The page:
only. It is not the property of her parents or her guardian.
No one can forgive the husband to pay the Mahr except the wife
herself or in case she did not go to her husband and the marriage
ended without consummation then in that situation her guardian
can also forgive the Mahr on her behalf. If a husband dies without
paying Mahr to his wife, it will be an outstanding debt on him
and it must be paid before the distribution of his inheritance
among his heirs.
Mahr is not a bride price. It is a woman's right and it signifies
a husband's love and appreciation for his wife. In the Qur'an
it is called "sadaq" which means a token of
friendship. It is also called "nihlah" which
means "a nice gift or present." Mahr also signifies
a husband's commitment to take care of his wife's financial needs
(nafaqah). According to Islam, it is a husband's responsibility
to provide for his wife and his household. There is a common
misconception among some Muslims that Mahr is to be paid at the
time of divorce. Mahr has nothing to do with divorce. It is for
marriage, not for divorce. It, however, becomes immediately due
at the time of divorce, if it was not paid before. People often
make part of Mahr advanced (mu'ajjal) and part of it postponed
(mu'akkhar or muwajjal). The advanced Mahr should be paid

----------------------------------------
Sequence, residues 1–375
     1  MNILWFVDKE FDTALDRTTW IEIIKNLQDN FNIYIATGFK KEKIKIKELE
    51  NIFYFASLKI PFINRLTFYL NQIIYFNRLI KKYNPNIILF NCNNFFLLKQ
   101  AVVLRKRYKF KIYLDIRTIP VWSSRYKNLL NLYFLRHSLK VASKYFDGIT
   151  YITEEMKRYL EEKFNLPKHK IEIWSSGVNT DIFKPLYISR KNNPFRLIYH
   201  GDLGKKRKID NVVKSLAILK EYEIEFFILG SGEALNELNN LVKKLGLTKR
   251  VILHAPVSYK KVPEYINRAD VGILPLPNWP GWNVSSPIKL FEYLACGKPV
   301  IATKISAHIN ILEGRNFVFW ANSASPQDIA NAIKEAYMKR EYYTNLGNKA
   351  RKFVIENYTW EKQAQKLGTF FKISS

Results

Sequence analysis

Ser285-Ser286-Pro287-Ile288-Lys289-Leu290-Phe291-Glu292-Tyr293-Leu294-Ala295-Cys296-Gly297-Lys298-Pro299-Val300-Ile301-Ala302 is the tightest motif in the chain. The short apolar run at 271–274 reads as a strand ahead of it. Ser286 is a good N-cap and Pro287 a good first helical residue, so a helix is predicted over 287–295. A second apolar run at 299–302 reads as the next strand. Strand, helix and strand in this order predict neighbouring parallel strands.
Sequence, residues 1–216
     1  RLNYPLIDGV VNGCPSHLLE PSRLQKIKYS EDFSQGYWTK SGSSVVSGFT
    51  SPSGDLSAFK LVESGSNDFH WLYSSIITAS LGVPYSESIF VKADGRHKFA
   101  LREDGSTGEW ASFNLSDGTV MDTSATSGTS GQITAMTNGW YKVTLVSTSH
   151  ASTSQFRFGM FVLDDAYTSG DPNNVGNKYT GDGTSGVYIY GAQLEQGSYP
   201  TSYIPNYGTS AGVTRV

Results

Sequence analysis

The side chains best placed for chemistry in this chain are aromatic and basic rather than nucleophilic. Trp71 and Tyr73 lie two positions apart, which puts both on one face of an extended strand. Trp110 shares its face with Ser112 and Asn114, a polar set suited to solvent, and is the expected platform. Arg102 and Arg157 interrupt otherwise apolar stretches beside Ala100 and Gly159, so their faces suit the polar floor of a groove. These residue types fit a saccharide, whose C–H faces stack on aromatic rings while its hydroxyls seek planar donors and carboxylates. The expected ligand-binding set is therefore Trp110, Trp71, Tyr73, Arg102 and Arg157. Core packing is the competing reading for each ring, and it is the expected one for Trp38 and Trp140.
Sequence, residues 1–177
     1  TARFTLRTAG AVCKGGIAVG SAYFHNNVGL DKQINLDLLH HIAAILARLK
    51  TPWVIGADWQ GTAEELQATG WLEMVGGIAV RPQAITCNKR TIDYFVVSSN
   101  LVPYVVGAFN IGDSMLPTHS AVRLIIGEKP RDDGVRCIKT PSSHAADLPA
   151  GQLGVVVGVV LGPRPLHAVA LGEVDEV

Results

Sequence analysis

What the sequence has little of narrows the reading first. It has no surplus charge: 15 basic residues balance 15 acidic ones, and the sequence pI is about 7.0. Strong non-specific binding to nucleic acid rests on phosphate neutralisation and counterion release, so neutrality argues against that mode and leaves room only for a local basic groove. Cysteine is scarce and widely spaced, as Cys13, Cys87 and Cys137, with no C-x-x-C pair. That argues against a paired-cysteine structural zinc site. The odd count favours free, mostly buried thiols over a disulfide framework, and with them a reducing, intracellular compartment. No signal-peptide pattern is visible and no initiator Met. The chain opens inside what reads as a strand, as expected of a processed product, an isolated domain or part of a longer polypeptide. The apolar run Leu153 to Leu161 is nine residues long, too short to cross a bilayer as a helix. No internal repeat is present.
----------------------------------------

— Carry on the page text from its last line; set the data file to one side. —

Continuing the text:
at the time of Nikah while the postponed should be paid later.
The wife has a right to demand it from her husband. The husband
should not feel bad, if his wife demands her Mahr. A wife should
also not feel threatened that her husband may leave her if he
pays her all her Mahr. All these notions belong to various cultures
but they have nothing to do with the Shari'ah.
According to the Shari'ah, the Mahr should also be reasonable.
There is no fixed amount of Mahr in the Shari'ah. It should be
given according to the financial status of the husband and according
to the time and place. We cannot apply the Mahr of 7th century
in the 20th century, nor the Mahr of India or Pakistan can be
applied in the United States. As the financial conditions of
the people in different time and places change, so the amount
of Mahr can be determined accordingly. However, it is a principle
of the Shari'ah that the Mahr should not be too expensive.
It is wrong to declare large amount of Mahr at the time of marriage
to show off or to boast. Some time bride's family put pressure
on the groom and his family for a large amount of Mahr so that
they may show their pride to their relatives and friends boasting
that their daughter was married for a big Mahr. Some times the
groom declares a big amount and secretly thinks that this is
just a commitment on paper. People are often heard saying, "Write
whatever you want, no one asks and no one pays." This is
playing a game with the rules of Allah. Muslims should only
commit what they are really capable of paying and what they intend
to pay. It is haram to enjoy relations with a wife and then
deny her the Mahr when she demands.
Jazak Allah Khayran and much thanks
to Dr. Siddiqi for his thorough response.